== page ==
Originally released in 2010 across the world on Xbox 360, PS3 and PC, Darksiders got a re-release in 2016 entitled, Darksiders: Warmastered Edition.
With a title like that you might expect this re-release to come with a whole host of additions but in fact there is no extra content. Instead the PC, PS4 and Xbox One versions run the game at 1080p and 60 frames per second. While the Wii U runs at 1080p and 30 frames per second. As well as those improvements this edition also features improved rendering, shadows, post-processing and textures.
So, if you’ve already had your fill of War & his adventures, there really isn’t much point in picking up this re-release. Even though it does look great. If you’ve never played Darksiders before this is the perfect place to start.
You take on the role of War, one of the Four Horsemen of the Apocalypse. The forces of heaven & hell have been at a stalemate ever since the ‘Kingdom of Man’ rose. The Four Horsemen were created by The Charred Council, a group who maintain the balance, and tasked with keeping order. At least until the end times come & mankind is ready for the battle. Seven seals are created to keep order & only when broken will the forces of heaven & hell resume battle.
This is how the game begins…with War arriving on Earth as the two sides battle with mankind in the middle. The end times have arrived, the seventh seal has been broken & the horsemen have arrived. Well, at least War has. He quickly realises that the other horsemen have not arrived & that the seventh seal was never broken.
As War’s powers deplete he battles the gigantic demon lord, Straga but loses, only being saved from death by the Charred Council. Standing before them, War is blamed for bringing about the apocalypse prematurely & siding with Hell. Of course, he isn’t to blame so demands a chance to clear his name & bring the culprits to justice.
The council agree but strip him of his powers & bind him to The Watcher, a being that can kill War should he stray from his mission.
War returns to Earth but a century has passed. The world lies in ruins as the forces of Hell won the battle with Heaven. Led by The Destroyer they annihilated humanity and left the armies of Heaven in tatters.
Played from a third-person perspective, as War you must explore the remains of Earth & discover who really started the end times.
Darksiders’ gameplay owes much to more successful franchises such as Devil May Cry, God of War and The Legend of Zelda. From locations that are inaccessible until later in the game, to equip-able weapons & items to dungeons that hold a hulking boss battle at their core. It’s very familiar but handled well here.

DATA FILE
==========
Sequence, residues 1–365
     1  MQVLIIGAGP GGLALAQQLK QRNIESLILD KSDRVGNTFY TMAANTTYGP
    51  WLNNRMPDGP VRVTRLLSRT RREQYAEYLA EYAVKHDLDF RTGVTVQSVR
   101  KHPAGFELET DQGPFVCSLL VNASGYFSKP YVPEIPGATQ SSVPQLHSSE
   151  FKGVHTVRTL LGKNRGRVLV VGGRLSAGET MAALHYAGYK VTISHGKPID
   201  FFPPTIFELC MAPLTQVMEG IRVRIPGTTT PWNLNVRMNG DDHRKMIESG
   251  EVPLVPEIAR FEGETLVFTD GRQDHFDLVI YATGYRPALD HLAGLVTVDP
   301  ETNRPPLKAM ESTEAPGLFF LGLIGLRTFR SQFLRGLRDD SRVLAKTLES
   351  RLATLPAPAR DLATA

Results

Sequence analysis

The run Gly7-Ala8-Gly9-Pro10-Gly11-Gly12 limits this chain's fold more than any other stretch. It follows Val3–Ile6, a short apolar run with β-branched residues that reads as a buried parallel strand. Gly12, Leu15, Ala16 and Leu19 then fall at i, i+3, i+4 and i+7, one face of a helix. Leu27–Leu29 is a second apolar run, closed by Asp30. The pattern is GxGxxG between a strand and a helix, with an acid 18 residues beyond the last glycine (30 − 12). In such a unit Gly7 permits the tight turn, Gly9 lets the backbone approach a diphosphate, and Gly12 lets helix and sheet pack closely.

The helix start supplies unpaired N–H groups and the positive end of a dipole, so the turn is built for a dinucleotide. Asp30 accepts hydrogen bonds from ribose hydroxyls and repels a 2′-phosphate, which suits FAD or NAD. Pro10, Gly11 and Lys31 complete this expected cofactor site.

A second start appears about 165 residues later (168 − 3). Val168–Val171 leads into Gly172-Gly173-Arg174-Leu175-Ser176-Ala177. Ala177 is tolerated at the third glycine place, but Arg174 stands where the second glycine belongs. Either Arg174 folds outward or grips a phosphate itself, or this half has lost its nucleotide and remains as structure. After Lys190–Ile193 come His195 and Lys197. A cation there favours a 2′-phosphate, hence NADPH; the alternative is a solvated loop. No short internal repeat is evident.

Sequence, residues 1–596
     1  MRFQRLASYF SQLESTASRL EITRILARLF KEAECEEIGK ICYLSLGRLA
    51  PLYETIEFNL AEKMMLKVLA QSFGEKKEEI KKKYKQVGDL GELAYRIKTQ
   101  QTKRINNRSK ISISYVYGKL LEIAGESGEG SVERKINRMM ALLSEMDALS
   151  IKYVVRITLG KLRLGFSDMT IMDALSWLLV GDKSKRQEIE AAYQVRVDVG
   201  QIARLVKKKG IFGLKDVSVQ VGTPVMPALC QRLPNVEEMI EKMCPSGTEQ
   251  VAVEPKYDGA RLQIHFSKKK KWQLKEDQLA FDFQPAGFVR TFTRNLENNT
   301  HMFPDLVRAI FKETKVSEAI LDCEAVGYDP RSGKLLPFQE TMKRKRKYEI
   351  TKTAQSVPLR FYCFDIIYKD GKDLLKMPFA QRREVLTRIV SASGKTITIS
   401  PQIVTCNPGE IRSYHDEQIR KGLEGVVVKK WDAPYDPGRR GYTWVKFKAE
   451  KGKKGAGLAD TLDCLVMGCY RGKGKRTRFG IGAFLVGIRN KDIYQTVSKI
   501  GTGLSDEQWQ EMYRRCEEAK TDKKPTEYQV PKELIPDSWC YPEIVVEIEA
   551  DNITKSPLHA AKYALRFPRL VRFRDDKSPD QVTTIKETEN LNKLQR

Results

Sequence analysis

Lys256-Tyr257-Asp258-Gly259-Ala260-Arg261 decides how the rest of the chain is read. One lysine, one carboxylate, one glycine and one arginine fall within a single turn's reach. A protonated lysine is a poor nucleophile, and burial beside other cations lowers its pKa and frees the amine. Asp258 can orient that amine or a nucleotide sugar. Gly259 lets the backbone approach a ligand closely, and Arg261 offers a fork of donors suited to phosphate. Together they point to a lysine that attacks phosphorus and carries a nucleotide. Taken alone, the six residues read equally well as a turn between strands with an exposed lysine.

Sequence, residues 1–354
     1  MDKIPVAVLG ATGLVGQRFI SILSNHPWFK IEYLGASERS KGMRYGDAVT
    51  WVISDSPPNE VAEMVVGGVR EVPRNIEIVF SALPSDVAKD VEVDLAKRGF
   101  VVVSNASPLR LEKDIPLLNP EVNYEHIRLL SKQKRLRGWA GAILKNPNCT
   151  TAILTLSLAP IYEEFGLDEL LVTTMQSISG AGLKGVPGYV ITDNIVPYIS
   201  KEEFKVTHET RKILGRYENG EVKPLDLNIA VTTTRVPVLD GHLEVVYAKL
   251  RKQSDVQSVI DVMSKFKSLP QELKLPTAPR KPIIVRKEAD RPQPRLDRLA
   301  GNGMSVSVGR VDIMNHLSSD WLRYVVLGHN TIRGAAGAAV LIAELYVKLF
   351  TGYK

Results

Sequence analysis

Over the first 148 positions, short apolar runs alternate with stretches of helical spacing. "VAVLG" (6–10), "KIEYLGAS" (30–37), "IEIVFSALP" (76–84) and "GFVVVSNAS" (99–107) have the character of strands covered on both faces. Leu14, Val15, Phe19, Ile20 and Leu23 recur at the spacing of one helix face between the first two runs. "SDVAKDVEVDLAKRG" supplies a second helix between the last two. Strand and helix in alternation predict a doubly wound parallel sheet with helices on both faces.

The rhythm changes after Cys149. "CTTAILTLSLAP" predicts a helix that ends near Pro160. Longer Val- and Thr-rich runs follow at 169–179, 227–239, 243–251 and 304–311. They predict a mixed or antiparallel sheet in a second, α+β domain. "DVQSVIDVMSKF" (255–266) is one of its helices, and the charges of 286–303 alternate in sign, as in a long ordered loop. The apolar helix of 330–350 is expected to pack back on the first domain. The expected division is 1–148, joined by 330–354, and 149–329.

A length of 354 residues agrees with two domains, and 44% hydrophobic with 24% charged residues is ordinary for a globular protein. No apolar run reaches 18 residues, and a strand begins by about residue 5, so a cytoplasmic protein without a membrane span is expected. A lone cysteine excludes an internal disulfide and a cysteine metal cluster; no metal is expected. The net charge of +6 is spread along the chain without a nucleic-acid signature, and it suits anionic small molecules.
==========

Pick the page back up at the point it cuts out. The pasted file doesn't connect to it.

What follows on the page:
The dungeons provide much of the 3D platforming & puzzle solving moments of the game. Each has its own unique special weapon to be found which will help you progress. The puzzles you come up against in the dungeons can be quite tricky but you get that sense of satisfaction when you overcome them.
There is always a sense of anticipation as you work your way towards the boss that awaits inside & while they’re rarely challenging they are at least inventive. The only real let-down is the final boss that is far too easy even on the hardest difficulty. Especially if you’ve taken the time to hunt down all the extra health slots and weapon upgrades.
The ravaged Earth isn’t open-world, rather split into hubs with one over-arching dungeon within. While most are linked, it’s far quicker to travel via portals that you unlock by talking to a demonic shop-keeper called Vulgrim. It’s this same friendly fella who will exchange your collected souls for items, new attacks & abilities.
Souls are collected by defeating enemies in combat & can also be found in the many hidden chests throughout the game. Combat is free-flowing even if it’s ripped straight out of the Devil May Cry franchise. As you progress & unlock new abilities, your moves will become more impressive & damaging. Your main weapon is the Chaoseater & while you can use a scythe & glove, you’ll likely be sticking to the sword considering its wealth of moves & range. The glove in particular is rarely a good weapon choice.
Visually, it looks great & the imagination used for each location is impressive. What really stands out though is the voice acting. The likes of Mark Hamill, Liam O’Brien and Troy Baker absolutely kill it here.
Darksiders can be finished anywhere between 15-20 hours depending on how much exploring you do/how many collectables you go to pick up. It’s a seriously satisfying game & for those looking for a familiar but different game, you can’t go to wrong here.
It’s not perfect, combat is repetitive & there isn’t enough variety between enemies. Some of the dungeon puzzles are frustrating & it can be easy to miss a chest inside resulting in you having to work your way back through it. The over-world map is awful, next to useless & there aren’t enough Vulgrim points meaning you’ll still end up having to trek to where you want to be. Later you will get the ability to ride War’s horse but only in designated locations, another source of annoyance.
As said at the start, if you played Darksiders when it first came out there is little reason to pick this re-release up. However, if you’re looking to get into the series then this is the version to play!
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Darksiders: Warmastered Edition